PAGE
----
Left and right division for strings

For numbers and matrices, we have x * y / y == x and x \ (x * y) == y. Since we have * for strings, we could implement / and \ for strings too:

"abcd" / "cd" == "ab"
"ab" \ "abcd" == "cd"

AFAICT, it would be algebraically sound, useful, and fun. What do you think?

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Very fun. What should the behaviour be if one does "ab" \ "cd"? The only reasonable thing seems to be to throw and error, which makes me wonder how much utility this’d really have.

That said, if we also supported division by a Regex, that’d actually make this thing quite a cute and occasionally useful pattern

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Well, it’s more like integer division though, i.e., you won’t have

("abc" * "de") / "cde" == "abc" * ("de" / "cde")
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In what situation would this be used?

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Python has str.removeprefix and str.removesuffix which are similar.

Signature: str.removeprefix(self, prefix, /)
Docstring:
Return a str with the given prefix string removed if present.

If the string starts with the prefix string, return string[len(prefix):].
Otherwise, return a copy of the original string.
Signature: str.removesuffix(self, suffix, /)
Docstring:
Return a str with the given suffix string removed if present.

If the string ends with the suffix string and that suffix is not empty,
return string[:-len(suffix)]. Otherwise, return a copy of the original
string.

Haskell has stripPrefix and stripSuffix for List (and String is a List of Char in Haskell).

Except that these don’t throw an error if the prefix/suffix aren’t present. A more natural analogue in Julia might be to add more optional arguments to chop, e.g. chop(s, prefix="foo", suffix="bar"). Julia already has the functions chopprefix and chopsuffix for this.

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I don’t work with strings much, but I have found myself in a few situations before where I’ve done things like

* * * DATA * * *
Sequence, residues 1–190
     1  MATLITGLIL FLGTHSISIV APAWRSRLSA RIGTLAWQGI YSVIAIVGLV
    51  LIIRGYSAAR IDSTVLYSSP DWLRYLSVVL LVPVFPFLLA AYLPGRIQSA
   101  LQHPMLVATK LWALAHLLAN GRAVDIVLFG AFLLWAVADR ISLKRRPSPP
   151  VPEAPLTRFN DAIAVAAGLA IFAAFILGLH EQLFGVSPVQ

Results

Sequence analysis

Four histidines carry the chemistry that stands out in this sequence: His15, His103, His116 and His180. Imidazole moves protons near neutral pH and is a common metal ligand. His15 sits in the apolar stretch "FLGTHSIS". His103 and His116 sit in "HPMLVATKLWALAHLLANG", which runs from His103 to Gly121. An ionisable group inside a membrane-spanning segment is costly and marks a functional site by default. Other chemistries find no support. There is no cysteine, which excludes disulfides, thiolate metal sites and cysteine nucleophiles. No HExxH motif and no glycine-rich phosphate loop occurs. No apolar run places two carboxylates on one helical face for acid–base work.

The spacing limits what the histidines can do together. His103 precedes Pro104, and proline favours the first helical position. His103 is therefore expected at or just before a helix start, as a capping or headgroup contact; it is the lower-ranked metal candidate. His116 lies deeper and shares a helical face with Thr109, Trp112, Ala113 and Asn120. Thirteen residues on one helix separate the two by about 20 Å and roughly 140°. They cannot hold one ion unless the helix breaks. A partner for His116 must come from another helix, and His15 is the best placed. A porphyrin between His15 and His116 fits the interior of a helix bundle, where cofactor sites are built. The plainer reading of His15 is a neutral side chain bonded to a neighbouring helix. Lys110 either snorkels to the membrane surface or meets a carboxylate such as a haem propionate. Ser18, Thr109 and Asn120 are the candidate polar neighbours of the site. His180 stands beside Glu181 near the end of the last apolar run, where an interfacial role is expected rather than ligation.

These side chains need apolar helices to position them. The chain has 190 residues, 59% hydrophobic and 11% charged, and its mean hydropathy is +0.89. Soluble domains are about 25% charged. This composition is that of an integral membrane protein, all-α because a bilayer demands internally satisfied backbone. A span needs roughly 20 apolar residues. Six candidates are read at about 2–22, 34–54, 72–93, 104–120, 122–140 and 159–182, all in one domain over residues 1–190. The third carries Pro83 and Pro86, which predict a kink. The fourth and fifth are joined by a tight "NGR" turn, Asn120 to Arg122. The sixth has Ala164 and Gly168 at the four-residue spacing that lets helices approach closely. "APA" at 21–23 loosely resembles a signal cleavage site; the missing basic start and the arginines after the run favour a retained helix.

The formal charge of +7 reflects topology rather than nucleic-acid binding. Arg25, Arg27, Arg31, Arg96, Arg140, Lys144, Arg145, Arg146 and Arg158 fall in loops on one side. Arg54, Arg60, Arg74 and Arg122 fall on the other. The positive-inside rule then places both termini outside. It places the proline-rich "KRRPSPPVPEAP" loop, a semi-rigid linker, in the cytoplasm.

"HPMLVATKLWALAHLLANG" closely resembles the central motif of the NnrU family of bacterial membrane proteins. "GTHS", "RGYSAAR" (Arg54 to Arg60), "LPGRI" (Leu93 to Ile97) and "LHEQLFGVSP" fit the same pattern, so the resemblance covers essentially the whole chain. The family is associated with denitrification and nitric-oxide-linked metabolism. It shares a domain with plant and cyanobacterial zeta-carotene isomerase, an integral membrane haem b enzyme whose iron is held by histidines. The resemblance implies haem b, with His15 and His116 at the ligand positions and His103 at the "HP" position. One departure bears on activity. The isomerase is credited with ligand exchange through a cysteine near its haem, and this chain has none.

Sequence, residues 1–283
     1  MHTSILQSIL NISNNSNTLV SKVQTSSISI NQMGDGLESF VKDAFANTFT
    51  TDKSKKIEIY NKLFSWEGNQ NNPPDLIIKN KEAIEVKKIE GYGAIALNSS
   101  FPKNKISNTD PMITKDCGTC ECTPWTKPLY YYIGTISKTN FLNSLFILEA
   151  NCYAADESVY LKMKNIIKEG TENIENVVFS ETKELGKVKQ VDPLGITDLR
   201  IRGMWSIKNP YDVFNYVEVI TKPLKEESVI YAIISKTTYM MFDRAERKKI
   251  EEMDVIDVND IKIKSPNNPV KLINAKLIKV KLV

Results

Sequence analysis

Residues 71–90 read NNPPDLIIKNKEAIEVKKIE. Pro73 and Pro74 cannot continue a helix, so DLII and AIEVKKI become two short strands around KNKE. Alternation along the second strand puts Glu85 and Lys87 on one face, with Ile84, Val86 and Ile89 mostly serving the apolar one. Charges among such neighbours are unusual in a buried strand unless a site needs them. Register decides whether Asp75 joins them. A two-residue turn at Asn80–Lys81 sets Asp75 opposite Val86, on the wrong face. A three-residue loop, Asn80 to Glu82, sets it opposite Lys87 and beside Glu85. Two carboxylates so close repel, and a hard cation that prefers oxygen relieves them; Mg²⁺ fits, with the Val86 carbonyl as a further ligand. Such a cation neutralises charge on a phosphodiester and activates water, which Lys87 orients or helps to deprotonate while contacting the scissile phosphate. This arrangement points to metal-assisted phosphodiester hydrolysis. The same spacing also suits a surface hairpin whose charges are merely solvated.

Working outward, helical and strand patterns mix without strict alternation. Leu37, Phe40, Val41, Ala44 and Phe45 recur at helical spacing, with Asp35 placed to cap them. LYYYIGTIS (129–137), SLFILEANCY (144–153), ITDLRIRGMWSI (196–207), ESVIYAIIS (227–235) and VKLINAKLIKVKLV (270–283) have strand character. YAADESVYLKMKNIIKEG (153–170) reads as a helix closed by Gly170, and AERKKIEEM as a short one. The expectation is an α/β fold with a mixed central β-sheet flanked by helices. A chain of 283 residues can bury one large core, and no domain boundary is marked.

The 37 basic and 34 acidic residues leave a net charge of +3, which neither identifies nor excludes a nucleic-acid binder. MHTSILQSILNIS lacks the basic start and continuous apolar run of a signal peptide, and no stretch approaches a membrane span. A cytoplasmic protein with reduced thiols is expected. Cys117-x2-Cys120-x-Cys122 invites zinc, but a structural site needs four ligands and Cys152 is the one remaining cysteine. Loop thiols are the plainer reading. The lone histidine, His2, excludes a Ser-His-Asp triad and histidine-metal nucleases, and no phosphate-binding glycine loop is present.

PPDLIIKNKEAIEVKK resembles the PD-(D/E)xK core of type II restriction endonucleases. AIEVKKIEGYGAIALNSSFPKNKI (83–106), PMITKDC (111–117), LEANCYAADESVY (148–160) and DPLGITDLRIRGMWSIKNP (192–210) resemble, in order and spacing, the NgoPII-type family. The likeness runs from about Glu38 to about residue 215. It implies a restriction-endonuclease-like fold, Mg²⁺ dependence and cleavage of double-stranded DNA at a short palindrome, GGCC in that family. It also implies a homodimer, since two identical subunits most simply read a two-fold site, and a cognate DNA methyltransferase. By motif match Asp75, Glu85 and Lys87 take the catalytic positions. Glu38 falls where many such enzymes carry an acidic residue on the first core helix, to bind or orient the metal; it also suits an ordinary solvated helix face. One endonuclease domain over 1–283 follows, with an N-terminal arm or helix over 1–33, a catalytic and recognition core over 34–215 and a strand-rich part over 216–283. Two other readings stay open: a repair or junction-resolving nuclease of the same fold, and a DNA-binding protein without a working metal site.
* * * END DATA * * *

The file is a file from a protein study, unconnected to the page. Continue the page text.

if endswith(path, ".jl")
    path[begin:end-3]
end

could instead be

if endswith(path, ".jl")
    path / ".jl"
end

That’s a really simple example, but I’ve found a few times when writing string macros, that there’s often prefixes or suffixes I know are there that I want to chop off.

chopsuffix(s, ".jl") was added in Julia 1.8.

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Sure, but where’s the fun in that?

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Note also that this is buggy:

julia> s = "α.jl"
"α.jl"

julia> s[begin:end-3]
ERROR: StringIndexError: invalid index [2], valid nearby indices [1]=>'α', [3]=>'.'

(It’s really tempting to write this, which is a key motivation for a StringIndex type.)

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Nice try, but I will not be tempted into that tar-pit of a thread today :sweat_smile:

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Like the idea about regex and just checked that regular languages are closed under union, intersection, complement and concatenation. Thus one could indeed define difference as

\(ra::Regex, rb::Regex) = !rb ∩ ra

with ! and being complement and intersection respectively. Not sure if this efficient in general though?
Interestingly, \ is not defined on sets as difference either – the fallback method is applicable, but fails.

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Even though regular languages are closed under complementation, unfortunately I don’t think PCRE supports complement. How do I turn any regex into an complement of itself without complex hand editing? - Stack Overflow

Was proposed and declined in Julia#13411. There’s also the consideration that / could alternatively represent path concatenation (also declined in Julia#9488).

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I don’t like Base./ for path concat, since it has nothing to do with division.

@StefanKarpinski said in string division: "pre"\"prefix" => "fix", "suffix"/"fix" => "suf". by StefanKarpinski · Pull Request #13411 · JuliaLang/julia · GitHub

We should either stop using * for string concatenation or we should “double down”.

I agree with that. `append`/`concat` function · Issue #53040 · JuliaLang/julia · GitHub proposes an alternative concatenation function append.

What do you expect "de" / "cde" to do here?

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Good question, by analogy with integer division it should be zero, i.e., an absorbing element for *.

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Just for fun:

import Base: /, \
/(x::String, y::String) = begin s = replace(x, y => "", count=1); s == x ? "" : s; end
\(x::String, y::String) = /(y::String, x::String) 

"abcd" / "cd"       # == "ab"
"ab" \ "abcd"       # == "cd" 
"de" / "cde"        # == ""

Obviously it should be "abd⁻¹c⁻¹"

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Or a Rational{String} typed "ab"//"cd" :stuck_out_tongue_winking_eye:

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I’d use splitext for this.

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